This is not strictly speaking a research project, but I enjoy drawing and manufacturing my own pieces of equipment for the lab. Faster, cheaper, and sometime even better, it all started with some sketches and a press drill and now I am using SolidWorks, mill, lathe, soldering iron and wish I can get access to a CNC mill.

A lab is not a rigid production line and often small adapters between components are needed, or an optics holder, even a table enclosure to damp the air conditioning flux. My motto being “shall you do it, do it your best”, I always try to think thoroughly about the best way to design and make the component I need.

Most of the time, since I made my own pieces, I do not take the time to go through a professional drawing software like SolidWork or AutoCAD, but use Corel Designer for convenience. Here are bellow the most significant projects I realized (click to enlarge the images).

Multidiode holder (October 2008)

I needed a powerful but compact monochrome source for illumination. I selected the Luxeon III photodiode and assemble them to the most compact form. Thermal management needed some thought since those diode dissipate quite a few watts. I put heat sinks on the back of the mount as well as a CPU fan. The current stabilization units were mounted close to another plate and cable were guided through channels.

Lens holder (August 2008)

I sure hate any kind of tape, especially in an optical setup. So when a colleague of mine suggested to use double face tape to hold the big cylindrical lens we just bought, I went right to the machine shop making a nice holder frame. I also take this opportunity to challenge my precision skill and made the frame as adjusted to the optics as possible.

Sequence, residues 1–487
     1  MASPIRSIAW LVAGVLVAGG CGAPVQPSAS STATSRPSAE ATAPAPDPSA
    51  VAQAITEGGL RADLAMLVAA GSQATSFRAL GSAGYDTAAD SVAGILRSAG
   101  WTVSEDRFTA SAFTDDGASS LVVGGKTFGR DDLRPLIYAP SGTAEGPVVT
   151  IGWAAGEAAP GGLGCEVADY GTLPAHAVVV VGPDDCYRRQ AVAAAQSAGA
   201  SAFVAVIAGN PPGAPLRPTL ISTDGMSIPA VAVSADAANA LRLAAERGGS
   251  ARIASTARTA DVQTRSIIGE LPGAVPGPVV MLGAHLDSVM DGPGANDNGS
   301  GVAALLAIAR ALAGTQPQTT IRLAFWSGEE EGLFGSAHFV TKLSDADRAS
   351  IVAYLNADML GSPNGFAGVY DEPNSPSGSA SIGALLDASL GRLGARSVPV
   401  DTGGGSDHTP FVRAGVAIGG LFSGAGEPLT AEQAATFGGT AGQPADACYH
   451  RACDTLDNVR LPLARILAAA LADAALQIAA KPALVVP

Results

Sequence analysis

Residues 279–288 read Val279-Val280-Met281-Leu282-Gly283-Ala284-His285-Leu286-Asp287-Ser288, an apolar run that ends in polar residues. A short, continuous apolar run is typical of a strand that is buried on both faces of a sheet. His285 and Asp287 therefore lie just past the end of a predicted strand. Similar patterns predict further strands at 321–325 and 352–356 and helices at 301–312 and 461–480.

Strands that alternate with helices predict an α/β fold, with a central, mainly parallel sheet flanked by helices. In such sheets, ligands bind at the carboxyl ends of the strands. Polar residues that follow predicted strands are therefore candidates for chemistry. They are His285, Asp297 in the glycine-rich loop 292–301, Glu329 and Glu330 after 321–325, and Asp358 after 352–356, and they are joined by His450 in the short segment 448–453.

Table enclosure (May 2007)

The 3D display recording setup needed to be isolated from the air conditioned flux coming from the lab ceiling. I built a enclosure large enough to accommodate all the setup and allows a comfortable working position. I also use the material leftover to built a shelve holding the instrument controllers. The enclosure reveal itself so efficient (interferometric measurement proving it) that several of my colleagues asked for one. So far I built three of those.

Glove box (October 2007)

Photovoltaic organic cells need to be protected from both humidity and oxygen. So they need to be kept in controlled atmosphere until encapsulation. We needed a glove box that adapts to our solar simulator, can be purged with nitrogen and have electrical fed through. I used acrylic sheets bonded together for a 360° visibility and made a separated instrument panel mount for the nitrogen filter, control and gauge. While not totally tight, the glove box prevents the inner gaz to mix with room atmosphere.

Cold plate (October 2004).

This cold plate was used for interferometric measurement at cryogenic temperature.

I used copper sheet and solder copper pipes together with silver. The pipe was then solder on the sheet maximized the thermal exchange. Painted in black, the cold plate was wrapped into a mylar MLI. Liquid nitrogen flew through the pipe to cool down a VPHG down to 150K. There was no leak.

Blank holder (October 2003)

For recoding large VPHG, a stable blank holder was required. I try to maximize the rigidity by over sizing the element and adding triangular rifidifiers. The holder include an interferometer for dynamic fringe stabilization. That piece reveal to be up to the job and very versatile accommodating several different sizes of blank.


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